Is Darren McFadden the worst starting RB in the NFL?
According to Pro Football Focus, Oakland Raiders running back Darren McFadden graded out as by far the worst running back in the NFL last season. Is this a simple case of looking too deep into his mistakes or is there really a reason to believe that he’s doing more harm than good to the Raiders offense?
When he wasn’t on the inactive list due to injury, McFadden was spending his time making the least of his offensive opportunities. During a season when he was expected to help carry the Oakland offense, McFadden managed only 707 rushing yards and two touchdowns – no, that’s not a typo – on 216 carries. For a former first-round pick and high-profile player, that’s pathetic production.
If it wasn’t for a few 100-plus yard outings, McFadden’s yard-per-carry average would have been even more miserable than the 3.3 it ended up at. Remove his three games of 113, 114 and 110 yards, and his average dwindles to 2.6 yards per carry. Talk about inefficient.
Even when McFadden did have statistically-impressive games, they were often bloated by high carry totals or one big-yardage run. In his 113-yard performance in Week 3, 64 of those yards came on one run. If it wasn’t for that run, McFadden would have had only 49 yards on 17 carries. His 110-yard outing in Week 15 was aided by his 30 attempts, which still left him with a measly 3.7 yards per carry.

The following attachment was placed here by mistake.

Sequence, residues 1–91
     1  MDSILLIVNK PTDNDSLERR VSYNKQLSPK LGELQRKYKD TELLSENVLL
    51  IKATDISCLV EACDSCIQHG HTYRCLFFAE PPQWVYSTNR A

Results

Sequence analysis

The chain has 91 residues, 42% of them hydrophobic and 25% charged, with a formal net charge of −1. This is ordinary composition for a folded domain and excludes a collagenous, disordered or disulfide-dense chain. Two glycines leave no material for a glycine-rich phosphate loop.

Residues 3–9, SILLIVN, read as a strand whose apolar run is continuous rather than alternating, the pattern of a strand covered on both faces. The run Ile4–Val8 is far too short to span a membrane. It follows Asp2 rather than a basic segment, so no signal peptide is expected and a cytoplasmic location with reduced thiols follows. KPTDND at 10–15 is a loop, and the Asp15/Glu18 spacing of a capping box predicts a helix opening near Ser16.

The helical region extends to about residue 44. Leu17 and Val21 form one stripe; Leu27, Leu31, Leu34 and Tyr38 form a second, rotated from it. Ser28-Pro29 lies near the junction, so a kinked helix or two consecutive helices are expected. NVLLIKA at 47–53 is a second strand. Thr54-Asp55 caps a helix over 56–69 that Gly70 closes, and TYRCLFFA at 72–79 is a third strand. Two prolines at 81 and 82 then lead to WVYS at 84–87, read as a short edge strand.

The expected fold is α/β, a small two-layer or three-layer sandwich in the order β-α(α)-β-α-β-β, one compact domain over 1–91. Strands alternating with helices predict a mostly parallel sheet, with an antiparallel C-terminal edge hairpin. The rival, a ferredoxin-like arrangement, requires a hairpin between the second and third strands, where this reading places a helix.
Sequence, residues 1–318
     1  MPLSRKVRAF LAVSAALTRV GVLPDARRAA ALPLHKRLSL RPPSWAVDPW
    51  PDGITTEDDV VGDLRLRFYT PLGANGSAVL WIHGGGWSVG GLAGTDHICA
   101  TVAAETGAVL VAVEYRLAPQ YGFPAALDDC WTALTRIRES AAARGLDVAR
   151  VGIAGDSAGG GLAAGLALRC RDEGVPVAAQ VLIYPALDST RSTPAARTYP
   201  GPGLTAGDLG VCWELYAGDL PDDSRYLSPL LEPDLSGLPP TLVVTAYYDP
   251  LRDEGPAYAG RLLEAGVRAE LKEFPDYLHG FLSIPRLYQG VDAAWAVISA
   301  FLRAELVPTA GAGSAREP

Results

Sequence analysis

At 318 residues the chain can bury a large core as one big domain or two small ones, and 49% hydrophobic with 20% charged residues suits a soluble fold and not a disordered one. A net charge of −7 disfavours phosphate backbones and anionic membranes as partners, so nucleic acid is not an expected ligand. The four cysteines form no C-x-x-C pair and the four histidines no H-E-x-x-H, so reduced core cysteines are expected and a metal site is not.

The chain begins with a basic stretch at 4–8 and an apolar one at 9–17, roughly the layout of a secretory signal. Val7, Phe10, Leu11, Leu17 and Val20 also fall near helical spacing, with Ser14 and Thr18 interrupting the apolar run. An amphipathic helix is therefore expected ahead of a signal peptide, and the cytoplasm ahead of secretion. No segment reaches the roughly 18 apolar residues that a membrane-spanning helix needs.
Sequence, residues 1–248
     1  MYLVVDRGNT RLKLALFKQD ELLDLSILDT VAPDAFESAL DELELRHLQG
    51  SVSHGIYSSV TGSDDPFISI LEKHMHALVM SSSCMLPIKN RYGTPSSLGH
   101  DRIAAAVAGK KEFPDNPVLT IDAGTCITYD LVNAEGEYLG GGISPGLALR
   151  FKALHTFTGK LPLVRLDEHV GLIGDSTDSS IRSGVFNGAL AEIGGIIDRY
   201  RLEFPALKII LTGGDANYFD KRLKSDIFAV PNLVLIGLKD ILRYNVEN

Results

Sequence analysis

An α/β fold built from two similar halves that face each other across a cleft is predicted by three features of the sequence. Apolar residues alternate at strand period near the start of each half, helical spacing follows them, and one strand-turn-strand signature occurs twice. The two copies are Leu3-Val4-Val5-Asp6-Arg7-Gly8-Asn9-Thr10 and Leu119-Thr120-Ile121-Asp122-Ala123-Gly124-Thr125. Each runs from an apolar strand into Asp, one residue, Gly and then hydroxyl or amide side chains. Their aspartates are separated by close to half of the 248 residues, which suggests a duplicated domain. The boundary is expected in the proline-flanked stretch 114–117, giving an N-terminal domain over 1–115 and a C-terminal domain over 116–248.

In 12 games, he graded out positively in only two – 0.4 against the Tampa Bay Buccaneers and 0.5 against the Denver Broncos. McFadden carried the ball seven times for 17 yards against the Buccaneers before getting hurt. Against the Broncos, he managed 52 yards on 11 carries, but 36 yards came on one run.
The most telling statistic of all? The fact that, in 12 appearances and 216 carries, McFadden forced only 16 missed tackles. Supposedly known for his speed and elusiveness, McFadden going down so often in the hands of the first defender is not acceptable for a player of his potential. Despite receiving 35 and 22 carries, respectively, Mike Goodson and Marcel Reece managed half of the missed tackles forced that McFadden did. His total was one of the worst among starters in 2012, and that’s something that the Raiders simply can’t have moving forward.
To make matters worse, McFadden graded out negatively (-2.6) as a pass blocker as well. Even though his blocking improved after he returned from injury in Week 14, he still gave up two sacks, four hits and three hurries throughout the year on only 76 pass block opportunities.
It’s hard to argue with the facts. While McFadden can be a dynamic running back when he’s healthy and on his game, it appears that his peak has already passed. The Raiders need to find a ball carrier able to pick up consistent yards and find the end zone on occasion, both things that McFadden no longer appears capable of.
While he may not be the worst starting running back in the NFL, McFadden is certainly the most inefficient.
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